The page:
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Johann heinrich lambert

Johann Heinrich Lambert was a Swiss mathematician, astronomer, physicist, and
philosopher. He is especially well-known for being the first person to provide evidence that
Pi (ratio of the circumference of a circle to its diameter), is irrational, which means it cannot
be expressed as the quotient of two integers. He was also the one who introduced hyperbolic
functions into trigonometry. Lambert is also said to be the first mathematician who addressed
the general properties of map projection. His contribution to physics was also immense. The
hygrometer, which is an instrument to measure the moisture content in the atmosphere, was
invented by him. He also did research on the measurement of light, and published a book on it
named Photometria. He is also remembered for his contribution to philosophy. He
corresponded with Immanuel Kent and though the latter decided to dedicate his work
Critique of Pure Reason to Lambert, he died before the work was complete. Lambert, as an
astronomer, developed a theory about the generation of the universe. It was similar to the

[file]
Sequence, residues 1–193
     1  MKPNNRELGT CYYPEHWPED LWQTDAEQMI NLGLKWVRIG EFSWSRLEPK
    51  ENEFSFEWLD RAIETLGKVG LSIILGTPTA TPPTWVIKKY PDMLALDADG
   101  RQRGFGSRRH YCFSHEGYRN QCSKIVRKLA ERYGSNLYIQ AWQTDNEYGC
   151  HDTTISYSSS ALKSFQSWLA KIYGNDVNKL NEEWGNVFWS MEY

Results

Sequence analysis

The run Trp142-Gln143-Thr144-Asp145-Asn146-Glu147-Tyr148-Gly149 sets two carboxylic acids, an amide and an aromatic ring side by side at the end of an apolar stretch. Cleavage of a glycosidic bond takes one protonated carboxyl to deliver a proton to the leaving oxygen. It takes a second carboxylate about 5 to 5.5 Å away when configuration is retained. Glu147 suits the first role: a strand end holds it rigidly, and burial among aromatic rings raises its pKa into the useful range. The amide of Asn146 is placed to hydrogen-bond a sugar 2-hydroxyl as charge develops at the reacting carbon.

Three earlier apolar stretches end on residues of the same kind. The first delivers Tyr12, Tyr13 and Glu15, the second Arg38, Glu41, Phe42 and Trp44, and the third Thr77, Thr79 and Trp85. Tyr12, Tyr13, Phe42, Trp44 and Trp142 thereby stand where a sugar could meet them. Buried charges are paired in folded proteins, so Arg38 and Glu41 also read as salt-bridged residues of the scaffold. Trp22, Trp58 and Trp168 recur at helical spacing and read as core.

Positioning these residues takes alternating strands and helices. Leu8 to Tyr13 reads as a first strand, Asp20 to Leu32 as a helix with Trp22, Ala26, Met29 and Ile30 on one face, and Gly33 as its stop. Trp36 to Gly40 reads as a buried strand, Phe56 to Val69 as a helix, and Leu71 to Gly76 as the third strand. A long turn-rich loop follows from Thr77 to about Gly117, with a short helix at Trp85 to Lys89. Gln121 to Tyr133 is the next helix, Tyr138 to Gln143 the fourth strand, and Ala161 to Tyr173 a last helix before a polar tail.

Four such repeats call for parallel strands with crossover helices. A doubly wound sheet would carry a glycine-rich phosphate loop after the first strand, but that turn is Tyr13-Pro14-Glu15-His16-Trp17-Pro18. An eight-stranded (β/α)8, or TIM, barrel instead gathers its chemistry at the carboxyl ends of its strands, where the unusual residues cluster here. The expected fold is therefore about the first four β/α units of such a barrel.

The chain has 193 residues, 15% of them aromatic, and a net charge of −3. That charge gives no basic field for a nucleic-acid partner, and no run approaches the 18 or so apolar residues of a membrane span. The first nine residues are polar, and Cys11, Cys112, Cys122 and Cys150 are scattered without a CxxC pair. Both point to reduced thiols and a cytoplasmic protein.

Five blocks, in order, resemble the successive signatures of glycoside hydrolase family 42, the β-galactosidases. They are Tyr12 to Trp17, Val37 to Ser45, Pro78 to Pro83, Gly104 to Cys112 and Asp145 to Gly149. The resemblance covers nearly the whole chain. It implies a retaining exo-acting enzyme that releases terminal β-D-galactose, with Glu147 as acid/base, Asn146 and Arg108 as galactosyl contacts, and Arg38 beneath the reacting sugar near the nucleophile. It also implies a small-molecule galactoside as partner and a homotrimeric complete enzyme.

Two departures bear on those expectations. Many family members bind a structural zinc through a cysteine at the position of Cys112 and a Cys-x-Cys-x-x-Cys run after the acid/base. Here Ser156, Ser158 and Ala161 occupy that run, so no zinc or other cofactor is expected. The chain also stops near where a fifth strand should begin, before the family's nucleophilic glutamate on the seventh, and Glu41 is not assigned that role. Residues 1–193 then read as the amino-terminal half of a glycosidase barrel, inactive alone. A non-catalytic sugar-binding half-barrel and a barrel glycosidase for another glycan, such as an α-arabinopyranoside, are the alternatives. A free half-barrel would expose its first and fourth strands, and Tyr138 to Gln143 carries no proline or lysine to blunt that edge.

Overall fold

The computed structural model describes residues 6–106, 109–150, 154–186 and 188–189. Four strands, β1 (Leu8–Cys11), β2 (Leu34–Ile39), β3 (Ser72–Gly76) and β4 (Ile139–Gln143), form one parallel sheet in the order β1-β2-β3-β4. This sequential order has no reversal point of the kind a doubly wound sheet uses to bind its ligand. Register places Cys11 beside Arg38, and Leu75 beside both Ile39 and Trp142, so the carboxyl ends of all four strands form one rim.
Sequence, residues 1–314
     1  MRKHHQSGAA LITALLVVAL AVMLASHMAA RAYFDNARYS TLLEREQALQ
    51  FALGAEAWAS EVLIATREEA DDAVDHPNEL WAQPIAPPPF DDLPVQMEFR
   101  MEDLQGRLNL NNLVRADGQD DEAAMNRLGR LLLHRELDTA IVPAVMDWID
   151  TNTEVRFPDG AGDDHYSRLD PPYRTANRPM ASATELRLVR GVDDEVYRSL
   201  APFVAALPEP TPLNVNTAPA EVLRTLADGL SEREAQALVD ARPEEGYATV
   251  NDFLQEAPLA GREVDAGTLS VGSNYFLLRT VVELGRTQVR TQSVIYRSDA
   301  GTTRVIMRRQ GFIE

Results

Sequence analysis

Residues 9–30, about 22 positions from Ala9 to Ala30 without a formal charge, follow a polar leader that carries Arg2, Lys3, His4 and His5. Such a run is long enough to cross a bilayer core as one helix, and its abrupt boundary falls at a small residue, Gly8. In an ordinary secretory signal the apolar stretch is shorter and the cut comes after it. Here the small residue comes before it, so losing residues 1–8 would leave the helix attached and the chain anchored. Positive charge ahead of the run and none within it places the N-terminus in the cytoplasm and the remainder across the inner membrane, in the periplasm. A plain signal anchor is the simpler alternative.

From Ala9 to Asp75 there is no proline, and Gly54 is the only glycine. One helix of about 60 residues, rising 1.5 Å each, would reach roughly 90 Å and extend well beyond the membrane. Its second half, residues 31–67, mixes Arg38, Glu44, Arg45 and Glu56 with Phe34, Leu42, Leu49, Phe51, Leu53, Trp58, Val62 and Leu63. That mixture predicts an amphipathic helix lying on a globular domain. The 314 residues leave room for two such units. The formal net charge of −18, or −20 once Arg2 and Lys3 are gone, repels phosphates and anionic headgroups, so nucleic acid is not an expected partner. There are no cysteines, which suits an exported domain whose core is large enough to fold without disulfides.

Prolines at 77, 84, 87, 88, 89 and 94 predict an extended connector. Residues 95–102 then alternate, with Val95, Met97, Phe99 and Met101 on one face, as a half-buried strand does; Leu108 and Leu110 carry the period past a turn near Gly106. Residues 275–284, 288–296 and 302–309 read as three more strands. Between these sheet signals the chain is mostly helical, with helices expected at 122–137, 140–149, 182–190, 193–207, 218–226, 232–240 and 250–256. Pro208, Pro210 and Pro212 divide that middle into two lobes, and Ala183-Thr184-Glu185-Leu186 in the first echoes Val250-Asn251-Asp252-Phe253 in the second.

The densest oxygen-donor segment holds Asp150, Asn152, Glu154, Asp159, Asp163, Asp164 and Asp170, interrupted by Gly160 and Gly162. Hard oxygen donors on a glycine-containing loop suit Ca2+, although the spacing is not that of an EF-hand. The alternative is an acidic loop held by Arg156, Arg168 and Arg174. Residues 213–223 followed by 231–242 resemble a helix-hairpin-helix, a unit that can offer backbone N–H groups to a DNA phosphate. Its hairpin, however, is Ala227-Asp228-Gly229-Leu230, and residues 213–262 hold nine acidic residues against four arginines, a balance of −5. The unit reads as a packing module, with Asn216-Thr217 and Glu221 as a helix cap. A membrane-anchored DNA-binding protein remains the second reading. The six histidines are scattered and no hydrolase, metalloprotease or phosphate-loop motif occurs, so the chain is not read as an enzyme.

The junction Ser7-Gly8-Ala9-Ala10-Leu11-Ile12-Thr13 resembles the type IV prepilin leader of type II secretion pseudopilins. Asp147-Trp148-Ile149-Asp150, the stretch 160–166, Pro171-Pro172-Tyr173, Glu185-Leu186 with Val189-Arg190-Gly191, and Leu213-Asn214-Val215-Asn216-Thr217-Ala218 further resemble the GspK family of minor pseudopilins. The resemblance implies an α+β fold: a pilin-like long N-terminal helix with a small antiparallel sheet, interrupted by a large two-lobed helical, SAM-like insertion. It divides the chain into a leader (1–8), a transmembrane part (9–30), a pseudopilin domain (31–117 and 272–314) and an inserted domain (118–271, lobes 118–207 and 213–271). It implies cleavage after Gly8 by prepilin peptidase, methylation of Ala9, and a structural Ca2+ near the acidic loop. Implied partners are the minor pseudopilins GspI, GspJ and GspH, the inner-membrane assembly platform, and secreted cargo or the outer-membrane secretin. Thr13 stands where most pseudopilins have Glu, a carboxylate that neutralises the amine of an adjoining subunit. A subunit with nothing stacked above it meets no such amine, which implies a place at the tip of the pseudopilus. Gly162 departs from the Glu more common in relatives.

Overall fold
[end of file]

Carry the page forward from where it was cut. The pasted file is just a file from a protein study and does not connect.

nebular hypothesis formed by Thomas Wright and Immanuel Kant.

Distribution of mathematics
Lambert devised a formula for the relationship between the angles and the area of hyperbolic
triangles. These are triangles drawn on a concave surface, as on a saddle, instead of the usual
flat Euclidean surface. Lambert showed that the angles added up to less than (radians), or
180. The amount of shortfall, called the defect, increases with the area. The larger the
triangle's area, the smaller the sum of the angles and hence the larger the defect C = (
+ + ). That is, the area of a hyperbolic triangle (multiplied by a constant C) is equal to (in
radians), or 180, minus the sum of the angles , , and . Here C denotes, in the present
sense, the negative of the curvature of the surface (taking the negative is necessary as the
curvature of a saddle surface is defined to be negative in the first place). As the triangle gets
larger or smaller, the angles change in a way that forbids the existence of similar hyperbolic
triangles, as only triangles that have the same angles will have the same area. Hence, instead
of expressing the area of the triangle in terms of the lengths of its sides, as in Euclid's
geometry, the area of Lambert's hyperbolic triangle can be expressed in terms of its angles.